Compared with invasive angiography in this pre-TAVR population, CCTA carried a sensitivity of 69.7% and a specificity of 84%. Adding CT-FFR increased these values to 85.5% and 94.7%, respectively. The main advantage of CCTA in this population was to allow patients to forego invasive cardiac catheterization. For this reason, the negative predictive value (NPV) is particularly important information. CCTA on its own showed a NPV of 97.1%, which increased to 98.7% after applying CT-FFR. Using these techniques, the authors reported using CCTA would have allowed 43.6% of patients to avoid invasive coronary angiography, while 57.1% of patients could have done so after application of CT-FFR. They concluded CT-FFR improved the diagnostic accuracy of cardiac CT in the diagnosis of CAD in a pre-TAVR population. This finding would translate to a greater fraction of patients who could safely forego invasive angiography.
The focus of the Peper et al paper was the evaluation of CT-FFR as a diagnostic tool in the work-up of pre-TAVR patients. However, the more important story here was the focus on using CCTA to screen for significant CAD. As TAVR has moved to a lower-risk population, the added lifetime risk of coronary events in these younger patients adds even more importance to pre-TAVR assessment of coronary disease, since this may affect the choice of valve or even the choice of TAVR itself as a therapy.
Most patients still undergo invasive coronary angiography in preparation for TAVR. However, many also undergo gated CCTA to evaluate the valve itself and to plan for vascular access. The same CCTA, with essentially no added procedures, may be examined for coronary disease. In this study, among patients without a history of coronary revascularization, simple CCTA excluded the presence of significant CAD and prevented cardiac catheterization in nearly 44% of patients. The addition of CT-FFR raised this proportion to 57%. While this represented only 27% of the overall population (once patients with prior CABG or percutaneous coronary intervention were excluded), this means more than one-quarter of patients could be spared an additional invasive procedure on the way to TAVR. Using CCTA as a gatekeeper before reflexively obtaining invasive cardiac catheterization seems a rational step for most TAVR centers.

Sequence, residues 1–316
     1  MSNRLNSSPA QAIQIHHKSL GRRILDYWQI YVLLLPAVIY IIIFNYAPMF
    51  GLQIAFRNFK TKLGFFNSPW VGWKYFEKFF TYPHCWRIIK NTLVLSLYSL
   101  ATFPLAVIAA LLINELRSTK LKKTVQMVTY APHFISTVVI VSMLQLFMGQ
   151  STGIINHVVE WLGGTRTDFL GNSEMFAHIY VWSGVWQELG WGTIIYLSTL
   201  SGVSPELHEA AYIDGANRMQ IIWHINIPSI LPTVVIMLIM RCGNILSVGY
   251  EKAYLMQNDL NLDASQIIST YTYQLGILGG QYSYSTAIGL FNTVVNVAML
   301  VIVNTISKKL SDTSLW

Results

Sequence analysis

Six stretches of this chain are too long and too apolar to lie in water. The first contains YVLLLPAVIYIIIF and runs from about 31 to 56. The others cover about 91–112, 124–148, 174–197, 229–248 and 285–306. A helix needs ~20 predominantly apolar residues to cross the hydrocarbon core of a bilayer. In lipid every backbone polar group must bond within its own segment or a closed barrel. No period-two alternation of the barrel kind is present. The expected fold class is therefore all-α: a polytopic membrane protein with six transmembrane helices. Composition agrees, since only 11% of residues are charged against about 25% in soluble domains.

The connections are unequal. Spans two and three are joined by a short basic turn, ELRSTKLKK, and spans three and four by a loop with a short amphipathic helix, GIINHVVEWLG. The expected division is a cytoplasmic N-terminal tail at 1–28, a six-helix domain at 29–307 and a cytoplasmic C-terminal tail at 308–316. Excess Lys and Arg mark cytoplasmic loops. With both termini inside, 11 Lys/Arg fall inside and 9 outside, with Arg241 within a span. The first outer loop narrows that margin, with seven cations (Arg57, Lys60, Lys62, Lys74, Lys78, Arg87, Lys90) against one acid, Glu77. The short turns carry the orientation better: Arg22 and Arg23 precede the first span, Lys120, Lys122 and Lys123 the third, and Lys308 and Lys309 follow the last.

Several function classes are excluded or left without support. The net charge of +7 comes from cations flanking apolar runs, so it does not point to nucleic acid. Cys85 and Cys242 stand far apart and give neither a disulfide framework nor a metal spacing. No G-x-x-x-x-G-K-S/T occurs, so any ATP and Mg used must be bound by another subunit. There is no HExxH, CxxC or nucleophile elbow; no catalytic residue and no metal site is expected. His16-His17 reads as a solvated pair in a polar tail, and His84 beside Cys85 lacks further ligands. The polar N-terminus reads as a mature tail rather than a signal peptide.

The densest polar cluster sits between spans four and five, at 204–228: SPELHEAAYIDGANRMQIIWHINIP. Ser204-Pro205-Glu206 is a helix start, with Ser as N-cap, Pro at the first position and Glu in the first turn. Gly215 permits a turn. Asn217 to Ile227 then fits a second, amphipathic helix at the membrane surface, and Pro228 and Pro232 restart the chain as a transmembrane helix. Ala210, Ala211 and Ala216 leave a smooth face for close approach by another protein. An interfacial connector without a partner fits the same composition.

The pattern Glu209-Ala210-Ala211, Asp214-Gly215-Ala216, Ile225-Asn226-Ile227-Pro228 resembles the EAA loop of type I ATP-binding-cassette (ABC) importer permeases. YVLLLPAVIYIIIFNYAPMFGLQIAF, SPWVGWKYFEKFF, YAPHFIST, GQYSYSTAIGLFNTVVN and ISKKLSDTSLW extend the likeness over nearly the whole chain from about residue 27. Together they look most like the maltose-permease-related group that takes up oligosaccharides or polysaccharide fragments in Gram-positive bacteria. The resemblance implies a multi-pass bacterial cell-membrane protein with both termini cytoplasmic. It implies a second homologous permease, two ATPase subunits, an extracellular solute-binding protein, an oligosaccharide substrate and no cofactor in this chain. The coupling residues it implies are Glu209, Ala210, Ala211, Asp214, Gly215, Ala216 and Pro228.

CT-FFR is not available in all centers today and remains a relatively costly addition to basic CCTA. Still, it may be worthwhile for clinicians to add this technique in patients for whom significant CAD is not effectively ruled out by CCTA. More work will be needed to determine whether these techniques may be applied to patients with a history of revascularization.
Among those undergoing evaluation for transcatheter aortic valve replacement, coronary CT angiography and CT-derived fractional flow reserve demonstrated good diagnostic performance, potentially preventing invasive coronary angiography for many patients.